The Friends of the park started 2016 with a work day on the 9th of January, clearing old growth near the yew hedge and reshaping some of the shrubs near the play area. Mr Bush had a bit of a trim and now looks very smart indeed.

Mr Bush 2016 IMG_20160111_084842

In addition to the monthly volunteer workdays, the Friends of the park are now paying for regular help from a professional gardener. This could be a first for a Stockport park! You might wonder where the money to pay for this help comes from. As well as raising money from events during the year, such as the Christmas Carols in the park and Easter Egg Hunt, the Friends also receive several regular donations of money from supporters through the LocalGiving fundraising web site and directly. Just £5 a month mounts up and is of tremendous help. If you are local, or live far away but have an affection for the park, please consider signing up to make a donation.

BG beds IMG_20160111_091603

The results of the professional’s work are already visible – he is starting with the beds around the bowling green, which already look much improved. For those of you who think the professional looks like Peter – it is Peter!

I have no doubt that there are Friends of Parks groups who are envious of our group’s ability to employ someone. But for a lot of us, who are busy or just not inclined to do gardening, making a donation is preferable to spending time wielding a spade. And if by doing this we are able to maintain the appearance of a lovely park and stop it from a sorry decline then we should be congratulated and the council should be more than grateful for our interest and initiative (I’m sure that they are!). Ideally though, there would be more consultation and co-operation between the Friends group and the council’s gardening teams as to what should be done and how. After all, the park is there for the benefit of the local residents, so it makes sense that they should have a say and be consulted about its appearance and how it is maintained.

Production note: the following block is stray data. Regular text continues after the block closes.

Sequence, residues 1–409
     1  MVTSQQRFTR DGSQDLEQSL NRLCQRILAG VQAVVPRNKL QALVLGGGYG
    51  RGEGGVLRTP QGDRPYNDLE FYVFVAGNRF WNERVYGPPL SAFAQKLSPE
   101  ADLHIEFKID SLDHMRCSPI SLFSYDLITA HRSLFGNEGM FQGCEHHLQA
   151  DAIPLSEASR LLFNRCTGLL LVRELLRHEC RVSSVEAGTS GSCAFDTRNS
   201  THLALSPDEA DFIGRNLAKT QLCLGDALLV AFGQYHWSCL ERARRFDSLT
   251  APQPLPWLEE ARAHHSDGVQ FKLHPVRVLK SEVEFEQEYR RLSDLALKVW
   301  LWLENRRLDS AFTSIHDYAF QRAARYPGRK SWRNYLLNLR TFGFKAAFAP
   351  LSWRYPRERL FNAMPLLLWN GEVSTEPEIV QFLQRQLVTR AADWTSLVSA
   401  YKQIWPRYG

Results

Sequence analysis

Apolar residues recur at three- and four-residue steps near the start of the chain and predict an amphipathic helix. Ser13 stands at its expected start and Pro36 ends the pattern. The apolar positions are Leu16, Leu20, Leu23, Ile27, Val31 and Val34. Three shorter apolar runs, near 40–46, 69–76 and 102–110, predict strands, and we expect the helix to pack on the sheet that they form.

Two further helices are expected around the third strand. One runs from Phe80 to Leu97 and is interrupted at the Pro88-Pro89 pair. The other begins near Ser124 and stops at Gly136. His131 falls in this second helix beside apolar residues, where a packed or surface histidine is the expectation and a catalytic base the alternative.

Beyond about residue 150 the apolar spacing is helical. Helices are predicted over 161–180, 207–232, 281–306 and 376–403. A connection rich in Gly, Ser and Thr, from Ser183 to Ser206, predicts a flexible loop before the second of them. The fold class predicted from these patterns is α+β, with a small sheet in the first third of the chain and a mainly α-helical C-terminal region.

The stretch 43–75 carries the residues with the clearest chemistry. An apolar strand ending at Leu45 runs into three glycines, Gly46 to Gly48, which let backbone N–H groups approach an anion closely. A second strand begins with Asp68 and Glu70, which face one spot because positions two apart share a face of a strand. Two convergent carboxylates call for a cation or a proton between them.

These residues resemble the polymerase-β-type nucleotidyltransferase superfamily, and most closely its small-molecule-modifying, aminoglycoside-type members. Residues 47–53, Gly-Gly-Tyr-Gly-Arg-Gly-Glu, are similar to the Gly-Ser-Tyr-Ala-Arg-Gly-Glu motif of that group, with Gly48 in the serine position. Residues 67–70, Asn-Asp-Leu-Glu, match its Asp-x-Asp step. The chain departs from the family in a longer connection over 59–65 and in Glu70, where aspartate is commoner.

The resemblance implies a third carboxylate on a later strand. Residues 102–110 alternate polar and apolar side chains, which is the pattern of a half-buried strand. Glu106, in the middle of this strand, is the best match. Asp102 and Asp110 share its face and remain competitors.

2016 will be an interesting year. There is money available from the new housing development on the old Peel Moat site but no firm plans yet for how this will be spent. One of our councillors, David Sedgwick, came along to have a chat with the Friends during the work day on Saturday to hear what residents might want done in the park. One of the requests is improved drainage to the football field and re-positioning of goalposts. I’m sure that the footie players would endorse this! If you had a large sum, say £100,000, what would you spend it on?

Today, for the first time in ages, we had sunshine. Yay!!

It didn’t rain (fingers crossed xx, there’s still time for that to change!), the wind was slight, the temperature higher than normal for the time of year. Near perfect conditions for a winter event in the park, don’t you think? If only the Carols in the Park had been on today instead of yesterday.

Yesterday, the forecast for the day was quite awful – rain for most of the day. However, it actually turned out better than expected although there was still some rain and the sky was cloudy and grey. Despite that, friends, families and neighbours turned out to sing carols, listen to the Besses ‘o th’ Barn brass band and Do Your Thing choir, and to partake of a cup or two of good cheer. There was a lovely atmosphere as old friends caught up with each other’s news and new friends got to know each other. One toddler was most put out when he saw the band was occupying the toddler play area. ‘That’s my slide!’ he cried, but on hearing them play, he muttered ‘OK, they can stay’ and then eyed them up as if to say ‘Play a wrong note and you’ll have to move away and leave the play area to the experts.’

Unless you actually involve yourself in putting on an event you probably don’t give much thought to what is involved. I have to admit that I never really thought about this myself in the past – I just went along to whatever  it was and enjoyed myself.

An event like the Carols in the Park could not happen without a great deal of hard work from the Friends of Heaton Moor Park – so, a very big thank you to the Friends’ core group who attend the monthly meetings and also the family members and friends that were roped in to help. There were some very weary people taking down gazebos in the dark after everyone had gone home. One thing’s for sure though – if there had been more volunteers, the workload would have been lighter.

If you are local and you’re reading this – do please think about becoming involved in the Friends’ group. There’s always something that you’d be able to help with and it needn’t take up much of your time.


Carols poster 2015 IMG_20151217_192611

It’s the Friends’ annual Christmas event, on Saturday 19th December from 2 until 4. Join in the carol singing, sample a hot drink and mince pie, have a go on the tombola, enjoy the brass band, and take your little ones to visit Santa in his grotto.

Not only is this a very jolly community gathering, but it’s also a fundraising opportunity for the Friends of the park. All the profits from the event will go towards park projects and improvements. It’s our green space and we need to use it and look after it – so, come along on the 19th and be inspired to come to one or more of the monthly work days too.

Now, I’m off to catch myself a turkey and dig up a tree….And then there are still the presents to buy…How many shopping days are there left?………